In Nhu Ly near Hue, an elderly catholic doctor named Simon Hoa was captured and executed. He had been sheltering a missionary named Charles Delamotte, whom the villagers had pleaded with him to send away. The village was also supposed to erect a shrine for the state-cult, which the doctor also opposed. His status and age protected him from being arrested until 1840, when he was put on trial and the judge pleaded (due to his status in Vietnamese society as both an elder and a doctor) with him to publicly recant; when he refused he was publicly executed.
A peculiar episode occurred in late 1839, when a village in Quang Ngai province called Phuoc Lam was victimized by four men who extorted cash from the villagers under threat of reporting the Christian presence to the authorities. The governor of the province had a Catholic nephew who told him about what happened, and the governor then found the four men (caught smoking opium) and had two executed as well as two exiled. When a Catholic lay leader then came to the governor to offer their gratitude (thus perhaps exposing what the governor had done), the governor told him that those who had come to die for their religion should now prepare themselves and leave something for their wives and children; when news of the whole episode came out, the governor was removed from office for incompetence.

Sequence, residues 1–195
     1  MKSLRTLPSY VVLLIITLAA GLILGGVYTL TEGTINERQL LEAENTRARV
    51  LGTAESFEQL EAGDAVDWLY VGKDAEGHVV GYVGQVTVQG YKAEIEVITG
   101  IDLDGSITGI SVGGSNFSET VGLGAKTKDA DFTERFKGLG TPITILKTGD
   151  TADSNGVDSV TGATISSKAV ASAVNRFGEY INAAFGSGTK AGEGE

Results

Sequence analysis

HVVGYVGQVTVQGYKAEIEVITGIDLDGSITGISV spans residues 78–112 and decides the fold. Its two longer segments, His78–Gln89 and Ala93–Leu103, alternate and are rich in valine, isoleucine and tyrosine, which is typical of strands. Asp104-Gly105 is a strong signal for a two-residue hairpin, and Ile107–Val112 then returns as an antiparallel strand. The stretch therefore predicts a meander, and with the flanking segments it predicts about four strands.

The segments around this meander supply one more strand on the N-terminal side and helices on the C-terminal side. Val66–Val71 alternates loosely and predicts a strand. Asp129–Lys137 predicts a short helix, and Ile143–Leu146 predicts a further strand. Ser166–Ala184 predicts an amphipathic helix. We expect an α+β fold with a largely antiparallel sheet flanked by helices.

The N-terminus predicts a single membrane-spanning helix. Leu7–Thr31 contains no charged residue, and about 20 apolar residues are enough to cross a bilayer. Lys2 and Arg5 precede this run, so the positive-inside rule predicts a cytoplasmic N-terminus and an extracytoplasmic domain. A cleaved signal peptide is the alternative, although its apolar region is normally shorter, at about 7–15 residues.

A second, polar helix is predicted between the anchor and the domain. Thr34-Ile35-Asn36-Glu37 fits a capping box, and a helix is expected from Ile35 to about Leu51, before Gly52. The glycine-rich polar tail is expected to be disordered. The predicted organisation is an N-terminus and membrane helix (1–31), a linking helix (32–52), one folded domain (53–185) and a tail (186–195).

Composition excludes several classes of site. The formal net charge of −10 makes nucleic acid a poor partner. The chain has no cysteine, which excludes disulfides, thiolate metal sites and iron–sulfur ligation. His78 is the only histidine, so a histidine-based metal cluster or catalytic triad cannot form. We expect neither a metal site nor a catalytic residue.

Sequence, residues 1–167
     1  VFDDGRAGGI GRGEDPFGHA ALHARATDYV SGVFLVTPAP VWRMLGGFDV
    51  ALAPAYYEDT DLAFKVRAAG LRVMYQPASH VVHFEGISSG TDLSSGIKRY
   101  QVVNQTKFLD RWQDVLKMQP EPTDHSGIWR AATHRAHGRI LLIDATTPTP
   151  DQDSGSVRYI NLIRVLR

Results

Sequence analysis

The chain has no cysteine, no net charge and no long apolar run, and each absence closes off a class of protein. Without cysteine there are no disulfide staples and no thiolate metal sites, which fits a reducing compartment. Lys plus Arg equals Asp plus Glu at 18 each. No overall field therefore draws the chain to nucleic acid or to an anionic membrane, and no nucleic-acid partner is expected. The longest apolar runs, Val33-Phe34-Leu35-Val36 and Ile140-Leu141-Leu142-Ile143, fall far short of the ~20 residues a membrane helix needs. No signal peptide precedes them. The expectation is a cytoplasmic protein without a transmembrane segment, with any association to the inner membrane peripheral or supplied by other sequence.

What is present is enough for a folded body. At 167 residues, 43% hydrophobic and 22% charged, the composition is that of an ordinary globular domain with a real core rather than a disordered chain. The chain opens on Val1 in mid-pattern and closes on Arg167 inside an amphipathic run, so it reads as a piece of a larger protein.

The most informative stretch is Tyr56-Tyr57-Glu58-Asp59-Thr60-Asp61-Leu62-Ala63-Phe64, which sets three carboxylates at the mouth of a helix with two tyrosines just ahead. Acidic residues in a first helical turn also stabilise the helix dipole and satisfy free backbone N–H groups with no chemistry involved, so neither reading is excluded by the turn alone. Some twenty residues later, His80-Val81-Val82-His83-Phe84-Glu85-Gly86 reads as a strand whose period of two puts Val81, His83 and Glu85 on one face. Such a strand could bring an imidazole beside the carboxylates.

Many officials preferred to avoid execution because of the threat to social order and harmony it represented, and resorted to use of threats or torture in order to force Catholics to recant. Many villagers were executed alongside priests according to mission reports. The emperor died in 1841, and this offered respite for Catholics. However, some persecution still continued after the new emperor took office. Catholic villages were forced to build shrines to the state cult. The missionary Father Pierre Duclos (quoted above) died in prison in after being captured on the Saigon river in June 1846. The boat he was traveling in, unfortunately contained the money that was set for the annual bribes of various officials (up to 1/3 of the annual donated French mission budget for Cochinchina was officially allocated to 'special needs') in order to prevent more arrests and persecutions of the converts; therefore, after his arrest, the officials then began wide searches and cracked down on the catholic communities in their jurisdictions. The amount of money that the French mission societies were able to raise, made the missionaries a lucrative target for officials that wanted cash, which could even surpass what the imperial court was offering in rewards. This created a cycle of extortion and bribery which lasted for years.
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Those whose names are known are listed below:
Please keep in mind that these are the anglicized versions of their names